Desperate Housewives: The Complete First Season review by Mike Long

ABC got lucky.

At a time when the network needed some hits, it got not one, but two successful new hour-long shows. Desperate Housewives became one of the most talked about shows in the 2004-2005 TV season, as it was able to generate a great deal of publicity, both positive and negative. The show appealed to both men and women, and it's combination of drama, comedy, and sex made it a must-see for many people. The success of this new show, combined with that of Lost helped to pull ABC out of a slump. And while Lost and Desperate Housewives may not seem the least bit similar on the surface, the two shows have many things in common.

Desperate Housewives is set on Wisteria Lane, a seeming perfect street in a suburban neighborhood. There, we meet our four main characters. Susan Mayer (Teri Hatcher) is a single-mother, raising her daughter, Julie (Andrea Bowen). Susan illustrate children's books and works from home. Bree Van De Kamp (Marcia Cross) is married to Dr. Rex Van De Kamp (Steven Culp). She is very conservative and always ensures that her house and her appearance are impeccable. Former model Gabrielle Solis (Eva Longoria) enjoys spending her days shopping, spending the money of her husband, Carlos (Ricardo Chavira). She also enjoys fooling around with her gardener, John (Jesse Metcalfe). Lynette Scavo (Felicity Huffman) once enjoyed great success in the business world, but as the mother of four children, she now stays at home while her husband, Tom (Doug Savant), brings in the money. These four women had busy, but serene lives until the day which their mutual friend, and the fifth member of their group, Mary Alice Young (Brenda Strong) committed suicide. This event would lead the four women to investigate not only Mary Alice's life, but their own as well, and they begin to realize that not everything is as it appears on the surface.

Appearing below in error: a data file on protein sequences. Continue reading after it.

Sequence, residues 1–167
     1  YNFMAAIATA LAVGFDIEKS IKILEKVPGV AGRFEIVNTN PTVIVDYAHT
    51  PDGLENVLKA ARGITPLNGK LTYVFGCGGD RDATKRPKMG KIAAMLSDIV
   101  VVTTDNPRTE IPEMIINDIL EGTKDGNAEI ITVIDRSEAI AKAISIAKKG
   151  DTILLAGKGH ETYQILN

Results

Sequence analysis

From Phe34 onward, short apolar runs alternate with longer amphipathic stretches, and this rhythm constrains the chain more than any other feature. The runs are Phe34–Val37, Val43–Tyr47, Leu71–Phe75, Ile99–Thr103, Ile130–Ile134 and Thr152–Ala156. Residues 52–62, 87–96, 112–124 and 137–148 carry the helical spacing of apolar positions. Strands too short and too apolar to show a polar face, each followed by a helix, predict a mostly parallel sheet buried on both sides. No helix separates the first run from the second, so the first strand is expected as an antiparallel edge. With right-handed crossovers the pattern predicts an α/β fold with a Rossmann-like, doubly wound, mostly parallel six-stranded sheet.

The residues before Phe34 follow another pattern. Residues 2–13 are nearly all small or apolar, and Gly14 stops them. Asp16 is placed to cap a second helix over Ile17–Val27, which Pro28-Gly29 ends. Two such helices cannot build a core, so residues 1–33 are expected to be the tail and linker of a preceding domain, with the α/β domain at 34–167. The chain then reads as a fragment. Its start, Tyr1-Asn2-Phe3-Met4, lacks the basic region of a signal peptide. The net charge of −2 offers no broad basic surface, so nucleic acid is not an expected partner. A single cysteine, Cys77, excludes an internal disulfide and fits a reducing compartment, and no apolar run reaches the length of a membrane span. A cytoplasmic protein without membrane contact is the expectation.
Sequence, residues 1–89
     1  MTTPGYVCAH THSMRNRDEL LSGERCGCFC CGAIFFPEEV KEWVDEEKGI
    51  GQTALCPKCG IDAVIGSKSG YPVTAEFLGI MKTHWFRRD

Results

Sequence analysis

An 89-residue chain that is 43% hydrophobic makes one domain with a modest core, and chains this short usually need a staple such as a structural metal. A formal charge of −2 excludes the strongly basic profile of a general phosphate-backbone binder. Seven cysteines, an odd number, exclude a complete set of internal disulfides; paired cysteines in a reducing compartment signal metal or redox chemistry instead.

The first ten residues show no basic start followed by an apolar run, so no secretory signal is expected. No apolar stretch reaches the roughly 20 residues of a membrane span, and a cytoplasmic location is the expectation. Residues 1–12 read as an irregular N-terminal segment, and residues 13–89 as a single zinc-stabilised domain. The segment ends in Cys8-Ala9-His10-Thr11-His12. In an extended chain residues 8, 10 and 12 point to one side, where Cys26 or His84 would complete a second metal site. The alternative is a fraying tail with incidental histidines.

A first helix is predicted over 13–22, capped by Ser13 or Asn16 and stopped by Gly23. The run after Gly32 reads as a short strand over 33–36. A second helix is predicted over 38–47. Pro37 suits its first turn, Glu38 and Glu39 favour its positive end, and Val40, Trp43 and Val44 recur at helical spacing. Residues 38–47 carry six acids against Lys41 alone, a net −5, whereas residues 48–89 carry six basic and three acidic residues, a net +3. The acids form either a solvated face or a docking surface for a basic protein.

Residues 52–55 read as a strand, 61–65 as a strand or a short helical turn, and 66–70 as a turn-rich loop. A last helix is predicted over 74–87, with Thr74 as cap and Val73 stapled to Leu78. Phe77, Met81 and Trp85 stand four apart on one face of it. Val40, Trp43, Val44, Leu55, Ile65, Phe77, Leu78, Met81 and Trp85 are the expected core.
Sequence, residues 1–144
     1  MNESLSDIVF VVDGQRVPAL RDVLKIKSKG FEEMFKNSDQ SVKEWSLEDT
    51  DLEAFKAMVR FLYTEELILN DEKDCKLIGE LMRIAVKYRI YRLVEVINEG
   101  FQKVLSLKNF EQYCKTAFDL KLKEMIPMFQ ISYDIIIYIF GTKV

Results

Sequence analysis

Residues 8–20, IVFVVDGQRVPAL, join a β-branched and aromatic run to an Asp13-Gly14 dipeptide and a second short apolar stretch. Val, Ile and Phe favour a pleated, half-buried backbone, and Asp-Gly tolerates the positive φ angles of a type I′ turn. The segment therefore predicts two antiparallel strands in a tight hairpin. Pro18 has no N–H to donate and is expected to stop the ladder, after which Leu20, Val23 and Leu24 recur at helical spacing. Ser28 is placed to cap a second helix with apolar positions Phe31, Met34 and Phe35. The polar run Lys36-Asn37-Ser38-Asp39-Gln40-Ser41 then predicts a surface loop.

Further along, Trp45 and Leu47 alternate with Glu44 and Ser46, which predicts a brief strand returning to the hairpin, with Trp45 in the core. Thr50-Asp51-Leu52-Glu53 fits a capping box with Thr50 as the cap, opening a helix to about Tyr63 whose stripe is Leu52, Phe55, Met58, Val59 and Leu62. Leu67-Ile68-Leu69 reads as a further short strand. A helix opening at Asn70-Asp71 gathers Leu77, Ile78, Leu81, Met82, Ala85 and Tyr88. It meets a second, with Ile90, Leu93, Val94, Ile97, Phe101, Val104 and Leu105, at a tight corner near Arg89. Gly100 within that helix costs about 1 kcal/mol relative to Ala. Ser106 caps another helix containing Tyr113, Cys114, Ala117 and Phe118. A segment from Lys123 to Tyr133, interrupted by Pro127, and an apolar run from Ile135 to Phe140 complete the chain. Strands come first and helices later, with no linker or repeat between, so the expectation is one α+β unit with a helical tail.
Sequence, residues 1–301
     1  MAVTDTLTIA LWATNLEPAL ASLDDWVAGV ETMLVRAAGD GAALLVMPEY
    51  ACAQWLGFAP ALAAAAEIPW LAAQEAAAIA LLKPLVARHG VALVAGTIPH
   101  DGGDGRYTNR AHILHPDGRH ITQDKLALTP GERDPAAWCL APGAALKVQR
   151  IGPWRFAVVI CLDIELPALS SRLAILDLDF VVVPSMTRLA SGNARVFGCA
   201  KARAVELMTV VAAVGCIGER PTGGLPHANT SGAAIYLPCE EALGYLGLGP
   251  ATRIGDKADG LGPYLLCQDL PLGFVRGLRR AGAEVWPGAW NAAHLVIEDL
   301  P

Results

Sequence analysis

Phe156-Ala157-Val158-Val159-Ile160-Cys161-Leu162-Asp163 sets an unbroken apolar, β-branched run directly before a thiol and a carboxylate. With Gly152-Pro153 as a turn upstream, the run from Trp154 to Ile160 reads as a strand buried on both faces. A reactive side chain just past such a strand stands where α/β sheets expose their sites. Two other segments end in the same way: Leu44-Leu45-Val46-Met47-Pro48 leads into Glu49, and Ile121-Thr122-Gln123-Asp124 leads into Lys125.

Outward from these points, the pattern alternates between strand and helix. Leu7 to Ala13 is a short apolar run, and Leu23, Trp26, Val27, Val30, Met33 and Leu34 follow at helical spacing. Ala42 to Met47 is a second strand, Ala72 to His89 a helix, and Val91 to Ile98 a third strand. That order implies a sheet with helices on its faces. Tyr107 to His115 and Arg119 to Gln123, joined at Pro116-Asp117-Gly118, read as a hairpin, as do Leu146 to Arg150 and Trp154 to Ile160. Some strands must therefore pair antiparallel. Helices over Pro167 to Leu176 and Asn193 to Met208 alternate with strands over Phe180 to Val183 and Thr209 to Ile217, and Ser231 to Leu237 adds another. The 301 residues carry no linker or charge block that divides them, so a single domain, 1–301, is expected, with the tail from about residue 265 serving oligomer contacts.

Following Mary Alice's death, several other major events occur on Wisteria Lane. A plumber named Mike Delfino (James Denton) moves in and immediately catches the eye of Susan, and neighborhood slut Edie Britt (Nicollette Sheridan). While Mike seems like a nice guy, he hides a dark secret. Mary Alice's son Zach (Cody Kasch) begins to have violent flashbacks while his father, Paul (Mark Moses) suddenly starts acting very strange. Neighborhood busy-body Martha Huber (Christine Estabrook) seems especially intrigued by Mary Alice's suicide and proceeds to poke her nose in where it's not welcome. As more and more secrets are revealed in this quiet neighborhood, it becomes clear that the suburbs aren't always a nice place.